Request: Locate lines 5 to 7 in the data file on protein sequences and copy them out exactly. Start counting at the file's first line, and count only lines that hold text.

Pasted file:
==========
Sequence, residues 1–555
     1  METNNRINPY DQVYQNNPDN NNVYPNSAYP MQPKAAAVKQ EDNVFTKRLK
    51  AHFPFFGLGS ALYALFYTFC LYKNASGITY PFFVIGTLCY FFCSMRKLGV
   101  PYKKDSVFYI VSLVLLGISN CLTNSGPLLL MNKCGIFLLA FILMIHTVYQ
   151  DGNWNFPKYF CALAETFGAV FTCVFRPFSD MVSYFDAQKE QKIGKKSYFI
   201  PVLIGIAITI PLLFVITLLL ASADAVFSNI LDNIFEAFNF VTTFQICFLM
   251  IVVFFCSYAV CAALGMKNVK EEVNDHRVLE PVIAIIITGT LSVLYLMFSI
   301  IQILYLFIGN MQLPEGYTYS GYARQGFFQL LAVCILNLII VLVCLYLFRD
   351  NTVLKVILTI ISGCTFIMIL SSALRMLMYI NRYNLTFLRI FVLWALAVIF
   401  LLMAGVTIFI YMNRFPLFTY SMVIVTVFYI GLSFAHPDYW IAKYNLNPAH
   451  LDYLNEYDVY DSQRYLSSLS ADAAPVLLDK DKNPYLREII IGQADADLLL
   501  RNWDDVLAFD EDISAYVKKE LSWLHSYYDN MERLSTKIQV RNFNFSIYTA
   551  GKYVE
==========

   151  DGNWNFPKYF CALAETFGAV FTCVFRPFSD MVSYFDAQKE QKIGKKSYFI
   201  PVLIGIAITI PLLFVITLLL ASADAVFSNI LDNIFEAFNF VTTFQICFLM
   251  IVVFFCSYAV CAALGMKNVK EEVNDHRVLE PVIAIIITGT LSVLYLMFSI